How are you staying busy during COVID-19?

This time spent in quarantine has been filled with many different past times. I love traveling and going on road trips but never really had the perfect setup to achieve a comfortable trip. I decided that I would convert my Honda CR-V into that setup. It has a removable bed, roof rack tray for all equipment, and heaps of storage underneath the bed for clothing/ camera gear. The car itself also needed a lot of work, so it got a new fuel pump, distributor, and leads. I plan on making a huge trip as soon as things are safer to do so. I will travel from Adelaide to Tasmania, checking out all the sights on the way.

I've also used this time to focus on things that usually get abandoned during busier periods. I cleaned up SD cards, hard drives, and my computer. I organized my editing set up to make it a more enjoyable workspace, basically just doing the housekeeping that gets lost during the everyday shuffle.

Lake Gairdner, South Australia

Favorite editing software?

Lightroom. I absolutely love Lightroom. I struggled when I first downloaded it in 2017, but after spending hours Google searching how to use it, I have learned to love the software. I definitely recommend it to others trying to choose an editing software.

Any final thoughts or advice?

I would say keep at it. If you are a young photographer trying to make a full-time income, don’t stop. The only way you will grow with your business is by pursuing your craft and really working hard at it. I have had multiple thoughts about stopping and getting a “normal job” where I would have regular work and know exactly what I would be earning each week. But, would I be happy? The answer is no. At times it can be very difficult to gain work, especially right now with COVID-19, but I know in the long run it will be worth it. So, my advice to any person trying to make a living off their business is: keep at it and don’t stop working for what you want.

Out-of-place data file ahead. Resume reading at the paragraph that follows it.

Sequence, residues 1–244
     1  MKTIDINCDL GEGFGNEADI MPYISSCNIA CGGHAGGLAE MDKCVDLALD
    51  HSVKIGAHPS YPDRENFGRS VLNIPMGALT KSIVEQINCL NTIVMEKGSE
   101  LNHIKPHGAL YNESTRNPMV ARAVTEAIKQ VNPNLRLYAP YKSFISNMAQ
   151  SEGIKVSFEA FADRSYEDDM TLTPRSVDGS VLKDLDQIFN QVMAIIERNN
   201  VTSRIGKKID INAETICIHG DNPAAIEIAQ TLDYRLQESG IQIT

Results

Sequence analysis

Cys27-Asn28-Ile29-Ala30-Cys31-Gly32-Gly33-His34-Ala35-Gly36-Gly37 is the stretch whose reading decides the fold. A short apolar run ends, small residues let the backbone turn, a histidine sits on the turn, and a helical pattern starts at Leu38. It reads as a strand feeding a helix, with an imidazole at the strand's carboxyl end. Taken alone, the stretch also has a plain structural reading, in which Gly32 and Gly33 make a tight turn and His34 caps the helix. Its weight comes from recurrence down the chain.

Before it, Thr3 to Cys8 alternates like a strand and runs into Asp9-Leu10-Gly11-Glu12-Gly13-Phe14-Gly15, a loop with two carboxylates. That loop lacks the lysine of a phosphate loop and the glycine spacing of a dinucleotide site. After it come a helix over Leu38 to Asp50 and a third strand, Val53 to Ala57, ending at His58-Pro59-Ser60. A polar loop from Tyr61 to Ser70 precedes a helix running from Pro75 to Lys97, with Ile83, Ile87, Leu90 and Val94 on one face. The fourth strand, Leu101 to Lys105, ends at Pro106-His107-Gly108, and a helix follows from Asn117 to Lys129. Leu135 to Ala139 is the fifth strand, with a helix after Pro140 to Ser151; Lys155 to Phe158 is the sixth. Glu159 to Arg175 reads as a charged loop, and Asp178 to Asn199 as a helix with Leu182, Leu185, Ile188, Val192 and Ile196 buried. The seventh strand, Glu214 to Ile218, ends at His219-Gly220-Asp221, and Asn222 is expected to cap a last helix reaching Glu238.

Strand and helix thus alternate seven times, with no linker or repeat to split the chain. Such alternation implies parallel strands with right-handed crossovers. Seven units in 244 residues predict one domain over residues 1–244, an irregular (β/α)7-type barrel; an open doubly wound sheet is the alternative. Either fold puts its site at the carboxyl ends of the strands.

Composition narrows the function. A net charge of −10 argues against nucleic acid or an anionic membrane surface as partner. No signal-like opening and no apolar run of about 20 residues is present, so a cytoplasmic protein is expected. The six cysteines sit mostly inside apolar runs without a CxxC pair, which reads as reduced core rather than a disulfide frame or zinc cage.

If you enjoyed this interview, be sure to check out some of our past interviews, like this one with Santa Barbara based photographer Morgan Maassen.

Want to join us on our journey? Stay up to date with the latest from The Nomadic.